Why did I read on? To find out if things could get worse, and they did.
The book's anti-hero Ariel, the only character who undergoes change he shows remorse in the end for kidnapping his cousin's daughter, shares thoughts about his aunt Amarisa in chapter 10: "God, it wasn’t just having to tell her [about Isaac's death], a filthy rich diamond merchant, as cold and calculation in business as she was in life." Later on in chapter 18: "… She shook her bony finger at him. 'Don't forget I know important people in this city. Judges, Cabinet ministers —they've all bought diamonds from me. All it would take is one phone call and you'd go to jail. And never see Rose again.' "Ariel knew all she said was true. Amsterdam was the largest diamond center in the world. She had been in the trade for almost forty years and had forged relationships with people in high places."
This, gentle reader, spells conspiracy theory.
Stories about the Holocaust need to be addressed with care. Fictionalizing history, the reports of survivors and victims has long been frowned upon. And now that we do have plenty of novels about the subject to choose from, I still know a child of survivors who agonizes over the point of view she uses for her personal story. She fears an account written in third person would suggest fictionalization of the truth, which could give Holocaust deniers ammunition. This book is the equivalent of a well stocked armory.
The sad state of affairs in the publishing business is that editors these days only pay attention to typos, syntax and other grammatical mistakes. Forget developmental editing; continuity, plot line, and fact checking. This book is filled with mistakes that could easily have been corrected if someone had made the effort. For instance: Nora spots a yellow/gold bank note in the dead man's pocket and identifies it as a 25-guilder bill —in reality that would've been red, the 50-guilders bill designed by Ootje Oxinaar shows the luminous sunflower in yellow and gold.
There may be a reason for Nora's parents to claim she was born in Houston on May 15, 1945, and that they didn't share her real birthday on May 1st in Amsterdam. Although you wonder how they got away with lying about her birth in the U.S. But to have Anneke share in a letter that she discovered she was pregnant at the end of the war? Did she suffer immediate conception and full gestation all at once?
For readers who like to follow the footsteps of a characters in a book: there's no tram from Schiphol to Amsterdam, and there's no nunnery on the isle of Schiermonnikoog.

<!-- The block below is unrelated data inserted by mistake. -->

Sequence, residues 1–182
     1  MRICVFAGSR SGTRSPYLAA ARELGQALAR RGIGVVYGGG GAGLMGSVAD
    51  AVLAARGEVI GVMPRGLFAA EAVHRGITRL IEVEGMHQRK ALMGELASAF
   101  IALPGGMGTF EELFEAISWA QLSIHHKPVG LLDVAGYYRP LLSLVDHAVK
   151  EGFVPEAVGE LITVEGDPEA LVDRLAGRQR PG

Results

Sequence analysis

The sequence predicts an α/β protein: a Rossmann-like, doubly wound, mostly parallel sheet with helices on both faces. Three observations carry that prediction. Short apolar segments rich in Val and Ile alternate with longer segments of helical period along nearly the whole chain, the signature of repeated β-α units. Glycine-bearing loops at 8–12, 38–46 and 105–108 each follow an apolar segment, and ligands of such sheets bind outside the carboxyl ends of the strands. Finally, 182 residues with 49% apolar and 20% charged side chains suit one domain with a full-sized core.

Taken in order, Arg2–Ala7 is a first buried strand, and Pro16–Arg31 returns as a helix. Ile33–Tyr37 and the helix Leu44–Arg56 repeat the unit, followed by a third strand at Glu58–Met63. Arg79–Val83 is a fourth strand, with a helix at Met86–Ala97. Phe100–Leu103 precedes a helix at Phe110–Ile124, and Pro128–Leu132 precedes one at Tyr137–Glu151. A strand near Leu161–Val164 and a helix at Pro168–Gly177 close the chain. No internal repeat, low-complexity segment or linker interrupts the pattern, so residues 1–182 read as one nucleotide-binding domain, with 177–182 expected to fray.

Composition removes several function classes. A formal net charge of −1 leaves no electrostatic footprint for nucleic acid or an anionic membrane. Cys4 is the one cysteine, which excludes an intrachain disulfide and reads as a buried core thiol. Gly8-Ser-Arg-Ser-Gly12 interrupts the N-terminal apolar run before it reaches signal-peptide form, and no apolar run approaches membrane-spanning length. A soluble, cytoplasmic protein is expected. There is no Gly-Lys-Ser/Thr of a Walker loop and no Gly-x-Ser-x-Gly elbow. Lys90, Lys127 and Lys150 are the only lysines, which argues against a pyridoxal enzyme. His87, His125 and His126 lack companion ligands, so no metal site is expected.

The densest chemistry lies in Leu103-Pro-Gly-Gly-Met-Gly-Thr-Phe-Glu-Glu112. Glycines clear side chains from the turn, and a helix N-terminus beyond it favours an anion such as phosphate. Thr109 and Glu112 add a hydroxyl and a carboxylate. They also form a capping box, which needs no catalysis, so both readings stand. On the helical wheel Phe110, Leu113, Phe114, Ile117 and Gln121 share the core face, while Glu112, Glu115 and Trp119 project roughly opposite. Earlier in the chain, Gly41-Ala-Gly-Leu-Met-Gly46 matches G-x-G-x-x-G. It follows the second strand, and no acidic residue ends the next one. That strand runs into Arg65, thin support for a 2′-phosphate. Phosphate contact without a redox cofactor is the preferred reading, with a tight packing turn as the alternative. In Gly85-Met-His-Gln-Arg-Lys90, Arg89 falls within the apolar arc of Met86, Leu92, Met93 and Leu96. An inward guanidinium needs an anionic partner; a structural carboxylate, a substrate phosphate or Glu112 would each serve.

There are plenty more notes where the above came from, but this is how far I want to go with this report. Each time I tell someone about this book I say "The Onion Readers", probably because I nearly cried in frustration, and because the message contained within the thriller/romance novel bookends stinks.
Reading the book was no pleasure. As far as I'm concerned, considering the way the author depicts Holocaust survivors, one star is too much. ...more
Een verrassende nieuwe stem, Simone Lenaerts is een laatbloeier, maar laten we zeggen dat ze het voordeel van de achterstand heeft. De schrijfster maaEen verrassende nieuwe stem, Simone Lenaerts is een laatbloeier, maar laten we zeggen dat ze het voordeel van de achterstand heeft. De schrijfster maakt gebruik van bekende data, van feiten en interviews, en bouwt daarmee een volkomen geloofwaardig fictief verhaal. De structuur die ze heeft bedacht werkt. Met het schrijven van een roman waarvan het verhaal zich voor een groot deel in Nazi concentratiekampen afspeelt dreigt een schrijver zich al snel op glad ijs te begeven, echter de invalshoek van Lenaerts is dusdanig dat er geen sprake van is dat ze met haar verhaal onderuit gaat. Door de oorlogservaringen van niet-Joden te belichten geeft de schrijfster zichzelf en daarmee de lezers kans dicht, veel dichter dan je bijna voor mogelijk houdt op de materie in te gaan. De onvervangbare gaat over een grote liefde, over eerste, tweede en derde generatie oorlogsgetroffenen, over geheimen die beter gedeeld kunnen worden, en over keuzes die een leven kleuren.
De manier waarop de tweede generatie wordt afgeschilderd, als in feite gewond door overgedragen ervaringen, terwijl de eerste generatie kost wat het kost een zo waardevol, misschien zelfs plezierig mogelijk leven tracht te leiden, en de derde generatie enkel door ontboezemingen van de eerste geholpen kan worden met het begrijpen hoe de vork in de steel zit zal herkenbaar zijn voor een ieder wiens leven door de oorlog gekleurd is....more
Book came highly recommended, and the subject matter is of interest to me, but The style and voice couldn't turn me on. One if those cases where I thiBook came highly recommended, and the subject matter is of interest to me, but The style and voice couldn't turn me on. One if those cases where I think less would have been more. ...more